Getting beyond age 7

I'm not sure what he was pretending to do, but that's Em's hat PJ is wearing.

I take Chai, our dog, for a “bike run” (I bike, she RUNS) nearly every day that it’s nice. Sometimes the kids join me. When they do, I have three rules for them: 1. Stay on the sidewalk; 2. Don’t panic; and 3. I WILL come back for you. Trust me.

They do really well with rule number one, but they break 2 and 3 nearly every time. Jake lags far behind, and Maddie panics: “Jake, we’re losing you!” Then someone, unable to keep up with me at first because Chai is running off her steam, yells, “Mom, don’t leave us.”

That’s when I circle back around, gather them together and remind them—again—of the rules. I usually end with, “Have I EVER left you?” They shake their heads. “Don’t I know exactly where you are?” They nod.

The other day the Holy Spirit nudged me during my “rule” review. “Oh,” I thought. “I do the same thing to God.”

And as I’ve listened to some of the conversations I’ve had lately with my younger three children, I’ve discovered that MANY of the things I say to them are the very things I know God tells me. I’m a lot like a 7-year-old in the ways I relate to Him. Not only does He have to say the same things I do, but He also has to say them over and over.

So I’ve been trying to take a spiritual lesson from what so often feels mundane and repetitive.

When Maddie asks, “Mom, are you getting me a sandwich(or whatever)?”—for the fourth time—and I answer, “Honey, I’ve told you I will put a sandwich in your lunch for tomorrow, but right now I’m fixing our dinner. I WILL get to it. Can you please stop worrying about it and trust me?”


Today PJ ate lunch with his dad while I met with a student. Dave texted me on our way into school to tell me he was not in his classroom. When PJ headed that direction, I told him, “No, buddy, Daddy’s somewhere else. You’re going to eat in a different place today. Just follow me.”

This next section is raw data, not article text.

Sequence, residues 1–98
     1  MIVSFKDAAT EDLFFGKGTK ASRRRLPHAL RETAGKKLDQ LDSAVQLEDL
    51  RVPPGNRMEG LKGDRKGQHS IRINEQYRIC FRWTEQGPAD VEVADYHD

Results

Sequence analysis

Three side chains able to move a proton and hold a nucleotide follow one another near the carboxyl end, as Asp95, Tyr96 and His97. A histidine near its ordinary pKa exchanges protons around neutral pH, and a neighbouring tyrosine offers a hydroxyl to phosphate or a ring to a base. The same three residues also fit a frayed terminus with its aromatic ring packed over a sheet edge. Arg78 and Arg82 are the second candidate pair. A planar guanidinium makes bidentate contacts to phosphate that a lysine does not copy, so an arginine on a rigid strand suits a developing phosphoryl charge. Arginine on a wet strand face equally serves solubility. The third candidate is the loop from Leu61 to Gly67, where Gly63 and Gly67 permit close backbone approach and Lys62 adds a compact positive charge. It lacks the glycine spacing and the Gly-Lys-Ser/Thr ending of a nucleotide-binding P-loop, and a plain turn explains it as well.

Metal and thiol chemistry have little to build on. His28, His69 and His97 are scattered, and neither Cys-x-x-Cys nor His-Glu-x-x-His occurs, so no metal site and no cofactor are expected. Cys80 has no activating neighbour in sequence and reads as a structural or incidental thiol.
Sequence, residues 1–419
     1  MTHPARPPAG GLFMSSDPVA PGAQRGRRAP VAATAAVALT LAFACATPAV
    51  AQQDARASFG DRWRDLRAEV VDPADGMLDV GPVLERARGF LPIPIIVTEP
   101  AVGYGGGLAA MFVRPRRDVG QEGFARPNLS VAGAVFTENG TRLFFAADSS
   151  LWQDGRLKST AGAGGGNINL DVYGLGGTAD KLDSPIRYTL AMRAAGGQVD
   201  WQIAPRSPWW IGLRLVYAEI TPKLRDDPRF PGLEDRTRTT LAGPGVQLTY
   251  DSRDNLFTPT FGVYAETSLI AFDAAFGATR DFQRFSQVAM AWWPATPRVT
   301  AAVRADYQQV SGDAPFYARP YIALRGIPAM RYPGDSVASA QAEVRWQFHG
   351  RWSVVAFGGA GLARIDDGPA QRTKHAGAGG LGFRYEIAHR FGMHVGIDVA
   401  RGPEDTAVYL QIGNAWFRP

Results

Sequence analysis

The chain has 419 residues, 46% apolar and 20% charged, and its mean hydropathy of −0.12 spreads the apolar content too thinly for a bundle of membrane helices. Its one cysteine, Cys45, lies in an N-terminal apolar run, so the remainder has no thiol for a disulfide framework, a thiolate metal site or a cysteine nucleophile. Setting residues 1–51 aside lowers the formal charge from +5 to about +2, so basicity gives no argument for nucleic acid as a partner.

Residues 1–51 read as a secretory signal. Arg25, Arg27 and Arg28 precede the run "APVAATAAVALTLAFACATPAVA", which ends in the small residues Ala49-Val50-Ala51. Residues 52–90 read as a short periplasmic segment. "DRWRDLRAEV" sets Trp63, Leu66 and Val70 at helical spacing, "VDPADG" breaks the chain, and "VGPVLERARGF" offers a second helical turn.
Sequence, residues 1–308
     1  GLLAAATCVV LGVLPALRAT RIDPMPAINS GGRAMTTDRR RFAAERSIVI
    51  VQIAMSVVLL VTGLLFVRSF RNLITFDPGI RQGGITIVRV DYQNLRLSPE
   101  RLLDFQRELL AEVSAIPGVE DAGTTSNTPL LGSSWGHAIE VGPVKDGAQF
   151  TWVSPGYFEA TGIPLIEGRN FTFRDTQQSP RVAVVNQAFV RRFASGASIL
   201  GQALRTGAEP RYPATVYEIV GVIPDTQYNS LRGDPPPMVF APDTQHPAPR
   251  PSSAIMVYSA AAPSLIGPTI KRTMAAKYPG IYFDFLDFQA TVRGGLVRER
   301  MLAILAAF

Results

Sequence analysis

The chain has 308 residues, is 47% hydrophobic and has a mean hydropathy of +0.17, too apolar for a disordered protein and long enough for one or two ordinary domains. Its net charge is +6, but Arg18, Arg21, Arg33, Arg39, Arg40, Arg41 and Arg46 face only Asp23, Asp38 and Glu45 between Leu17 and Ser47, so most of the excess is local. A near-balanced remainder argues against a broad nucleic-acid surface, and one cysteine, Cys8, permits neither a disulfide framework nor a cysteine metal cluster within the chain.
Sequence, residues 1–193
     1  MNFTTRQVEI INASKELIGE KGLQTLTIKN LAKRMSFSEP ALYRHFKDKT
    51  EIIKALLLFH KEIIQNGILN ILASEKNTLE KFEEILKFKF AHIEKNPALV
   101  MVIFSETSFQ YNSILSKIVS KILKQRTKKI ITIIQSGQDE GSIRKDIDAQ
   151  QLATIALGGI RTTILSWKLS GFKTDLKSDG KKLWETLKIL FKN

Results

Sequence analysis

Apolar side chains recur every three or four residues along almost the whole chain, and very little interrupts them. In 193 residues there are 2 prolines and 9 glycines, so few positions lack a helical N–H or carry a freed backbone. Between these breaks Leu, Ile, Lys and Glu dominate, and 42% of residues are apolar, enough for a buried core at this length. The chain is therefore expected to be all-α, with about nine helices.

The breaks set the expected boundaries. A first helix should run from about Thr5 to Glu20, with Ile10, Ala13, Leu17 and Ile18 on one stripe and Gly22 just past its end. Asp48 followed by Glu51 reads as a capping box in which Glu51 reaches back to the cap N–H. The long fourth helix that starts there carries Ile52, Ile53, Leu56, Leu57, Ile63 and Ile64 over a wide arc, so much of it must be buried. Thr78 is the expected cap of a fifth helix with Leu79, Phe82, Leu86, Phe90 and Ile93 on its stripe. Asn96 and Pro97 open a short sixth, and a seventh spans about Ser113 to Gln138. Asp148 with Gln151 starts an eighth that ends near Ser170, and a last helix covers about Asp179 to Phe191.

But that wasn’t good enough. “Where are we going?” he asked.

“The Maroon Room.”

“What’s that?”

My explanation didn’t make sense to him, so he asked it again.

“Buddy, you’ll see it when you get there. I can’t explain it to you in a way you’ll understand.”

So he changed tactic. “WHY are we going there? Why aren’t we eating in Daddy’s room?”

Once again I “saw” myself, questioning God’s plan, wondering why it’s different than what I think is best, frustrated when I can’t understand the answers He gives (and thinking that that’s HIS fault, not mine) and then asking “Why?” rather than simply trusting.

I could give lots more examples. This happens just about every day.

It all boils down to their lack of trust,

As it all boils down to MY lack of trust.

And it’s more than a lack of trust in His leading or His wisdom. Ultimately, it’s a lack of trust in God Himself, that He is who He says He is, that He loves me with an everlasting love.

“This is what the Sovereign LORD, the Holy One of Israel, says:

‘In repentance and rest is your salvation,
in quietness and trust is your strength,’”

Isaiah 30:15a

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